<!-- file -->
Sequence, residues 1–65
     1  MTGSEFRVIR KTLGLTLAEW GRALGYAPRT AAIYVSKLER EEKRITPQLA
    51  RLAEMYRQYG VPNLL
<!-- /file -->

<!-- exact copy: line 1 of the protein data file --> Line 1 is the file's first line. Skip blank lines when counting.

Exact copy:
Sequence, residues 1–65